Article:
Burton Greene

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Burton Greene
Burton Greene 09.jpg
Died28 June 2021 Edit this on Wikidata
Websitehttp://www.burtongreene.com Edit this on Wikidata

Burton Greene (June 14, 1937 – June 28, 2021)[1] was an American free jazz pianist born in Chicago, Illinois, though most known for his work in New York City. He explored multiple genres, including avant-garde jazz and the Klezmer medium.

Biography[edit]

Greene played during the 1960s on New York's free jazz scene, gigging with musicians including Alan Silva and Marion Brown, among others. With Alan Silva he formed the Free Form Improvisation Ensemble in 1963.[2] He joined Bill Dixon's and Cecil Taylor's Jazz Composers Guild in 1964, and also performed with Rashied Ali, Albert Ayler, Gato Barbieri, Byard Lancaster, Sam Rivers, Patty Waters, and others. During this time, he recorded two albums under his own name for ESP-Disk.

He moved to Europe in 1969, initially to Paris. Later, he lived in Amsterdam and played with such Dutch musicians as Maarten Altena and Willem Breuker. During the late 1980s, he began exploring the Klezmer tradition in his groups Klezmokum (along with Perry Robinson), Klez-thetics, and a later group called Klez-Edge with vocalist Marek Balata. Klez-Edge has a recording Ancestors, Mindreles, NaGila Monsters (2008) on John Zorn's Tzadik label. A duet with Perry Robinson, also on the Tzadik label, Two Voices in the Desert was released in January 2009.

From the mid-1990s, Greene performed and recorded in New York and along the East Coast. Greene's performance and recorded groups based in New York from this time include a duet with bassist Mark Dresser; a quartet with trumpeter Roy Campbell Jr., Lou Grassi and Adam Lane; a trio with Ed and George Schuller on bass and drums (recorded on the CIMP label); and a quintet with the Schuller brothers, Russ Nolan on saxes and flute and Paul Smoker on trumpet. His autobiography written over 20 years, Memoirs of a Musical Pesty-Mystic, was published in 2001 (Cadence Jazz Books).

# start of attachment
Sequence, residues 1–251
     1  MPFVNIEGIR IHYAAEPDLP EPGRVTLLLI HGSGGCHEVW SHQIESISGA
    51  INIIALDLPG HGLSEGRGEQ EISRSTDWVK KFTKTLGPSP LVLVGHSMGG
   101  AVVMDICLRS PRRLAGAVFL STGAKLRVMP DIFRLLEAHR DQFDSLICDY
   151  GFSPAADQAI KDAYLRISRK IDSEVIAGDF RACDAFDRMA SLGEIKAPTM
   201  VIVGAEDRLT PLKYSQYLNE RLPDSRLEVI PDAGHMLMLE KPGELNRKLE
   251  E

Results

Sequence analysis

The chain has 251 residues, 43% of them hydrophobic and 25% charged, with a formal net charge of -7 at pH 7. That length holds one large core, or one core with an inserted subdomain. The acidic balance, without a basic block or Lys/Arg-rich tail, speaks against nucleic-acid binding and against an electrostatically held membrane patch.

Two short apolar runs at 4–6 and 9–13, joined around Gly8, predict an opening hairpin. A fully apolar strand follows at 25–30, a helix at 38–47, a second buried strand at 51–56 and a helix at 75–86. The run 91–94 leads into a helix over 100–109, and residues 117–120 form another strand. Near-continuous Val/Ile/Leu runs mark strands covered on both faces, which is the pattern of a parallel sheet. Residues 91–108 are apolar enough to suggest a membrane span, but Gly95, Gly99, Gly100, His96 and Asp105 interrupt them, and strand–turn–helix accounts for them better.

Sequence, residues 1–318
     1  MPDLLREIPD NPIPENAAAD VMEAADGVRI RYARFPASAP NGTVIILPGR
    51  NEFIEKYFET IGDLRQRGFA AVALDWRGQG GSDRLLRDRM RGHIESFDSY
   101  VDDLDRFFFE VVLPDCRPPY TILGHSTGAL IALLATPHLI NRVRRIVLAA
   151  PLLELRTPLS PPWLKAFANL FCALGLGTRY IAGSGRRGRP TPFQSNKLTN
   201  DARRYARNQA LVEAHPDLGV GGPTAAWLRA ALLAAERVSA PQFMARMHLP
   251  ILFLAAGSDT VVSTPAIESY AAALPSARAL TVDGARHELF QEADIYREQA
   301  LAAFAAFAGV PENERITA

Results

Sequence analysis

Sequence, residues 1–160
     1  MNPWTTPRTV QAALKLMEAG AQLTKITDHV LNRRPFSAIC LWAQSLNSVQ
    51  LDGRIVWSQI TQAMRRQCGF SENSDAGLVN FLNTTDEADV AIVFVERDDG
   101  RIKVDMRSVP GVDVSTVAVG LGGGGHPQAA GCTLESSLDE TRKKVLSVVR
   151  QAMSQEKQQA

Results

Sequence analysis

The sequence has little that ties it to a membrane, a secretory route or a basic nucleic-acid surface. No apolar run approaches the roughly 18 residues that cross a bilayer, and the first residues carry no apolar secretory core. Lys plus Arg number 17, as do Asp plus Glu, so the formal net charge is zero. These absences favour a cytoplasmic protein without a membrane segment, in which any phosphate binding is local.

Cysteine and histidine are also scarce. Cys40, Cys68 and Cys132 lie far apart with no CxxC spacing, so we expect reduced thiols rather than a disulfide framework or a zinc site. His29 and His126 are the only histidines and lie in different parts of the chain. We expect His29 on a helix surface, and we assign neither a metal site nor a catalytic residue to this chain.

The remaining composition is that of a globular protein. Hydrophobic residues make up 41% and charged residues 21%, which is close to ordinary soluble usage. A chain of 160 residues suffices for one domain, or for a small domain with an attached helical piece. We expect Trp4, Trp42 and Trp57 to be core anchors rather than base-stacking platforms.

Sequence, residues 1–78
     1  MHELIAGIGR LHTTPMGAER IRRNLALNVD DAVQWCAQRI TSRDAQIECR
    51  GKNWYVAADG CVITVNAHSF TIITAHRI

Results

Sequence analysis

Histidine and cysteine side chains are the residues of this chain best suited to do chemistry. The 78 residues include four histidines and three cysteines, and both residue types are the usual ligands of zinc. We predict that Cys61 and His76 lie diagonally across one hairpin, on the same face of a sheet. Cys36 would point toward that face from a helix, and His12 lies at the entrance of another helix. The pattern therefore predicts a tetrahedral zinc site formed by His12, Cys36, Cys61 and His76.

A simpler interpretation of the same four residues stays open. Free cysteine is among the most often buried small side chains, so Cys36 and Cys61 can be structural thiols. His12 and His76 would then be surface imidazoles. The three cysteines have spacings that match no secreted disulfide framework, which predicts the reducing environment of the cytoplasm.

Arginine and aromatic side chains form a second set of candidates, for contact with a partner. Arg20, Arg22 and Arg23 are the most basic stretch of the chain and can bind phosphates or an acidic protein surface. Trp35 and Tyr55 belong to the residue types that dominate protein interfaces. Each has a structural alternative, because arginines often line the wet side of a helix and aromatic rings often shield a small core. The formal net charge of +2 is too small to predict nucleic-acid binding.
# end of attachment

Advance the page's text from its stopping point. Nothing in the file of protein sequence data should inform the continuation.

Greene died on his boat in Amsterdam.

Discography[edit]

  • Burton Greene Quartet (ESP Disk, 1966)
  • Presenting Burton Greene (Columbia, 1968)
  • On Tour (ESP Disk, 1968)
  • Aquariana (BYG, 1969)
  • Celesphere (Futura, 1970)
  • Mountains (Button-Nose, 1971)
  • Trees (Button-Nose, 1973)
  • Light (Button-Nose, 1976)
  • European Heritage (Circle, 1978)
  • It's All One (Horo, 1978)
  • The Past Is Also in the Future (All Life, 1978)
  • Variations On a Coffee Machine (Kharma, 1978)
  • Structures (Circle, 1978)
  • Firmanence (Fore, 1980)
  • The Ongoing Strings (Hat Hut, 1981)
  • Lady Bug Dance (Cat, 1981)
  • Zephyr (Button-Nose, 1983)
  • One World Music (Cat, 1984)
  • Valencia Chocolate (Cat, 1985)
  • Solo Orchestra in Real Time (Nimbus West, 1989)
  • Shades of Greene (Cadence, 1998)
  • The Free Form Improvisation Ensemble (Cadence, 1998)
  • Throptics (CIMP, 1999)
  • Peace Beyond Conflict (CIMP, 2002)
  • Calistrophy (BV Haast, 2002)
  • Live at Grasland (Drimala, 2004)
  • Roy Campbell Quartet Isms Out (CIMP, 2004)
  • Ins and Outs (CIMP, 2006)
  • Live at the Woodstock Playhouse 1965 (Porter, 2010)
  • Live at Kerrytown House (NoBusiness, 2012)
  • Burton's Time (CIMP, 2014)
  • Compendium (Improvising Beings, 2017)
  • Post Monk Songbook (Cadence, 2019)
  • Life's Intense Mystery (Astral Spirits, 2019)

References[edit]

  1. ^ Chinen, Nate (June 29, 2021). "Burton Greene, Pioneering Free Jazz Pianist, Dies at 84". WGBO. Retrieved June 30, 2021.
  2. ^ Kelsey, Chris. Biography of Burton Greene at AllMusic. Retrieved 2007-06-25.

External links[edit]